Month: June 2012

A hymen primer for romance novelists

On the list of psychological dangers presented by poorly written romance novels (e.g., the fetishization of virginity, the romanticization of abusive stalker vampires), the portrayal of the actual devirginification process itself doesn’t necessarily hover right at the top. But as a writer and a pedant, good God do I get cheesed off by anatomical inaccuracy. And while I’m not aware of scores of young women having penetrative sex for the first time and saying, “Whoa, whoa, whoa–that is not how it was in Fifty Shades of Grey!” (although they may well be out there), I feel the record should be set straight.

Laurie’s Work Featured in the Huffington Post: 30 LGBT Artists You Should Know

I was delighted to be invited to participate in the Huffington Post’s 30 LGBT Artists You Should Know. Now that the piece is up, I’m honored to be in the company they chose. The works include Frida Kahlo, David Hockney, Robert Rauschenberg, Hannah Höch, Rotimi Fani-Kayode and 25 other artists. It’s really worth watching the whole show.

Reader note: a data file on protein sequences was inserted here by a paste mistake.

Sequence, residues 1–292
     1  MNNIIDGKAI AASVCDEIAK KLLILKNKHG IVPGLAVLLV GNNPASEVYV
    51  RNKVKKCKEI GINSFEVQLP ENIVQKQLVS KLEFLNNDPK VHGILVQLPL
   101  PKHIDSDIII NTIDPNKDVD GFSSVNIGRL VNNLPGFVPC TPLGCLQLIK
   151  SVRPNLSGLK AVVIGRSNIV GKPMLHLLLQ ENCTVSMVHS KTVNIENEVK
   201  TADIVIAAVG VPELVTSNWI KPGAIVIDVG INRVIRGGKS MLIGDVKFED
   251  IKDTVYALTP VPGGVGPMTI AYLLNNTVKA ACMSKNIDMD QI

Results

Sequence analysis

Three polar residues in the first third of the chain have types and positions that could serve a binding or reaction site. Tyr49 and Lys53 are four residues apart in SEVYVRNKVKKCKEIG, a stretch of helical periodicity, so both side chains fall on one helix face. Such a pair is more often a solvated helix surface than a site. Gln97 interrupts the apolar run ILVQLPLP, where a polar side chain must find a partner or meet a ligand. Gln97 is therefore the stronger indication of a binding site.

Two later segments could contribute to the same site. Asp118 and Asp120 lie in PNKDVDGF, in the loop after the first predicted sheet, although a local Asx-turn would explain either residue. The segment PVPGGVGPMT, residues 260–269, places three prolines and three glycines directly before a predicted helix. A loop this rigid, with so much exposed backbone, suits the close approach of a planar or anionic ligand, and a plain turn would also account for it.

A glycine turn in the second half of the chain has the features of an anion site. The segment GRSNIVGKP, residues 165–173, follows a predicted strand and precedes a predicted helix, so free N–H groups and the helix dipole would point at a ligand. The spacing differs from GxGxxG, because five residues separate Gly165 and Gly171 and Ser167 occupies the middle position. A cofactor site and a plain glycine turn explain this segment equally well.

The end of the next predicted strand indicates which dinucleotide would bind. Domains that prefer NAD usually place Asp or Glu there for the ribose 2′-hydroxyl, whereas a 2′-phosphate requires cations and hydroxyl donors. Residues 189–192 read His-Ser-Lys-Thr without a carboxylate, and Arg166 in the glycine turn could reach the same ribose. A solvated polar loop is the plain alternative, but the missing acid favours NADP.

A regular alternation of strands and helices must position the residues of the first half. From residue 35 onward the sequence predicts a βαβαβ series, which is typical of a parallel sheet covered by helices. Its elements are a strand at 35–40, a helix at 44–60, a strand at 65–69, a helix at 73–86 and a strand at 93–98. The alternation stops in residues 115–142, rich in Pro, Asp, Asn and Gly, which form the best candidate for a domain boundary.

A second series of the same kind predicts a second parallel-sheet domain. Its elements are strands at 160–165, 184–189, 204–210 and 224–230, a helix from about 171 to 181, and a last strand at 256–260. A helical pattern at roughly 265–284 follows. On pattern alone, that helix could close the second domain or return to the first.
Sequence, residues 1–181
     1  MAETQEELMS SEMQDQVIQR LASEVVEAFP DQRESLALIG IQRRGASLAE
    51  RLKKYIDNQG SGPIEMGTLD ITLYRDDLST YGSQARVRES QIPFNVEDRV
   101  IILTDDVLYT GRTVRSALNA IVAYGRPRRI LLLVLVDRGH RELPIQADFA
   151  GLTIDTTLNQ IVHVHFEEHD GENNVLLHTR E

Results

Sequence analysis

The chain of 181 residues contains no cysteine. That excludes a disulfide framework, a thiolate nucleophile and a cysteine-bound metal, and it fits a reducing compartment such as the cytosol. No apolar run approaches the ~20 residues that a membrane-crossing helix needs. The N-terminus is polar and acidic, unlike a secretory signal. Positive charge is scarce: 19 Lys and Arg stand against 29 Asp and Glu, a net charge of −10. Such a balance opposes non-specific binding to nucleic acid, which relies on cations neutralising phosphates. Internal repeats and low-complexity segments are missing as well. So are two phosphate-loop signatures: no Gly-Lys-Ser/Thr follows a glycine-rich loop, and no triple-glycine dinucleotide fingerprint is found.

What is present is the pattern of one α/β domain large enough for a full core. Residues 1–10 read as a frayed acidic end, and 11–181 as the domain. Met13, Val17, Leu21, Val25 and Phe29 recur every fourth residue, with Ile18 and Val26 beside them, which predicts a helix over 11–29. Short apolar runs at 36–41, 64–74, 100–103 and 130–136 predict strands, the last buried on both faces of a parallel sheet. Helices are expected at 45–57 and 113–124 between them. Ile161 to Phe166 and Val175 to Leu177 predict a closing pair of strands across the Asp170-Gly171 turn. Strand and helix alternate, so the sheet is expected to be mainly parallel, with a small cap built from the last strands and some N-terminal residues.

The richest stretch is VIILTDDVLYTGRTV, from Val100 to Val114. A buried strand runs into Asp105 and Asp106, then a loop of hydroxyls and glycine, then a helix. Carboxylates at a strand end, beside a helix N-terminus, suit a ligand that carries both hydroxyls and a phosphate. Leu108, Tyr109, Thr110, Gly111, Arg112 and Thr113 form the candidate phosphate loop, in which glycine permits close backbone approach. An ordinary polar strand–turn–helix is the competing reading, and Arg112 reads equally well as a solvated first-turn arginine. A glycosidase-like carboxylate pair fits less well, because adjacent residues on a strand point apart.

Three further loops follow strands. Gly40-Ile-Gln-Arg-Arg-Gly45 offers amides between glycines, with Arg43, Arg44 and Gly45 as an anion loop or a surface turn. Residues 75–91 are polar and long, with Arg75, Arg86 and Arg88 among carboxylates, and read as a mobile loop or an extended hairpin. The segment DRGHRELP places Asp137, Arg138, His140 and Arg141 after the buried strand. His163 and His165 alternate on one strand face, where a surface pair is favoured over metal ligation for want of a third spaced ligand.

Having It All: Not a “Women’s Issue”

Yes yes yes to everything here.

The problem isn’t that women are trying to do too much, it’s that men aren’t doing nearly enough.

A new report from the Bureau of Labor Statistics shows that women—even those with full-time jobs—still do the bulk of housework and childcare. On an average day, 48 percent of women and 19 percent of men did housework. Married women with children who work full time spend 51 minutes a day on housework while married men with children spend just 14 minutes a day.

The One Thing You Should Read Today

Nora Ephron’s 1996 commencement speech at Wellesley:

My class went to college in the era when you got a masters degrees in teaching because it was “something to fall back on” in the worst case scenario, the worst case scenario being that no one married you and you actually had to go to work. As this same classmate said at our reunion, “Our education was a dress rehearsal for a life we never led.” Isn’t that the saddest line? We weren’t meant to have futures, we were meant to marry them. We weren’t’ meant to have politics, or careers that mattered, or opinions, or lives; we were meant to marry them. If you wanted to be an architect, you married an architect. Non Ministrare sed Ministrari—you know the old joke, not to be ministers but to be ministers’ wives.